Israeli-Palestinian peace talks: why this time might go better

Conditions may be ripe for progress in the Israeli-Palestinian talks, some Middle East experts say. For one thing, Obama is starting the process much earlier in his tenure than some presidents.

Jim Young/Reuters
President Barack Obama makes remarks on the Middle East peace talks in the Rose Garden in the White House in Washington, on Sept. 1.

President Obama invests a chunk of his personal capital in resolving the Israeli-Palestinian conflict – something every president since Richard Nixon has done – when he begins a two-day summit Wednesday. The relaunching of direct talks is aimed at reaching a peace accord within a year.

Mr. Obama’s foray into the Middle East conflict – and pursuit of what has been called the holy grail of US diplomatic goals – has been met with considerable skepticism, both from the two principal parties as well as from some regional players.

Yet some Middle East experts with long experience in the peace process consider the moment better than what some naysayers suggest.

"This moment of opportunity may not soon come again," Obama said in the Rose Garden Wednesday afternoon. "The [two sides] cannot afford to let it slip away."

Before a formal relaunch of direct Israeli-Palestinian talks at the State Department Thursday, Obama was to hold bilateral meetings at the White House Wednesday with Israeli Prime Minister Benjamin Netanyahu and Palestinian Authority President Mahmoud Abbas. Subsequent meetings with Jordan’s King Abdullah and Egyptian President Hosni Mubarak were to be followed by a White House dinner for all the leaders.

Thursday’s direct talks are to be led by Secretary of State Hillary Rodham Clinton.

Two black clouds hovering over Obama’s attempt at Middle East peacemaking are enough for some regional experts to judge the effort doomed: deep political divisions among the Palestinians, with the radical Hamas organization in control of Gaza; and a looming Sept. 26 end to Israel’s moratorium on settlement construction.

But some more-optimistic Mideast experts have their own list of reasons to hold out hope that conditions may be ripe for progress. Their list includes new lows in violence – despite Tuesday’s attack, claimed by Hamas, that killed four Israelis in the West Bank; considerable strides by the Palestinian Authority in areas such as policing, municipal management, and economic development; and majorities of both Israelis and Palestinians favoring a two-state solution.

After a recent five-week visit to the region, David Makovsky, a fellow at the Washington Institute for Near East Policy, says he saw more cooperation on security matters between Israeli and Palestinian authorities than ever before.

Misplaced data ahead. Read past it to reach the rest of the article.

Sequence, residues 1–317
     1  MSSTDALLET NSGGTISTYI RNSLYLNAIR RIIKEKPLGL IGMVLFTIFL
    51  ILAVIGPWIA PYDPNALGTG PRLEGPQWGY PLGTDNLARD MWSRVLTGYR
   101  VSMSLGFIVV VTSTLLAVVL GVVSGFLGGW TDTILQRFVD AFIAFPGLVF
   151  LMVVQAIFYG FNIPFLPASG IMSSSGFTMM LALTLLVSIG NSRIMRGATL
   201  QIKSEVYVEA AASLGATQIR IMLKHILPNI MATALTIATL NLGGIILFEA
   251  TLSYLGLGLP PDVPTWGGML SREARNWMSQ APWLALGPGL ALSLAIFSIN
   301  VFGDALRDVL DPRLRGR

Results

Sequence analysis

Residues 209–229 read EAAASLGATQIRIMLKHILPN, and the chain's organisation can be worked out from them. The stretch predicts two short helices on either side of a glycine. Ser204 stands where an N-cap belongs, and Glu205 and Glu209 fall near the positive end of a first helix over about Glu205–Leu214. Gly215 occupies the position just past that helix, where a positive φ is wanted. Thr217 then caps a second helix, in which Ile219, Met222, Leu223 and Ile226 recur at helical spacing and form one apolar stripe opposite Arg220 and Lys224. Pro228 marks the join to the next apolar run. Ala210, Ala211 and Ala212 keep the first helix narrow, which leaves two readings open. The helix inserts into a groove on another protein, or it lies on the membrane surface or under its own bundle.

And Martin Indyk, a former US ambassador to Israel with long experience in Mideast peace negotiations, says the improved security and political environment pave the way for the leaders to make bold moves for peace. “[T]he negotiating environment is better suited to peacemaking today than it has been at any point in the last decade,” he wrote in a recent New York Times commentary. “The prospects for peace depend now on the willpower of the leaders.”

That formula includes Obama, with some regional experts saying that progress in the talks is likely to depend as much or more on a new approach or a stark statement of expectations from the Americans than on concessions from the principals.

Expecting movement from the Israeli side simply because of some improvement in Palestinian governance is probably destined for disappointment, says Daniel Levy, director of the Middle East Task Force at the New America Foundation in Washington.

“We’d all be tickled pink if we had an Israeli side that was just looking for a Palestinian interlocutor who would acknowledge Israel’s legitimacy, be a good manager of state institutions, and do security well,” he said, speaking with reporters Tuesday. “But that’s not the case on the Israeli side,” he added, calling Israel a “reluctant de-occupier” with more than 500,000 citizens living on Palestinian lands.

That’s where Obama comes in, Mr. Levy argues, with a new definition of the US-Israel relationship that elevates the conclusion of a two-state accord and explains its importance from a regional perspective.

Under other presidents, Levy says, a one-year deadline for reaching a settlement could be scoffed at – as when George W. Bush launched the Annapolis process – because it generally came when the president had only a year or so left in office. But Obama’s case is different, coming so early in a first term, he says.

“It’s different when you’re in your last year of an administration,” Levy says. “But if your one-year deadline butts up against the beginning of your reelection campaign, [it] does create a different order of magnitude of self-created political pressure.”

Material from the Associated Press was used in this report.

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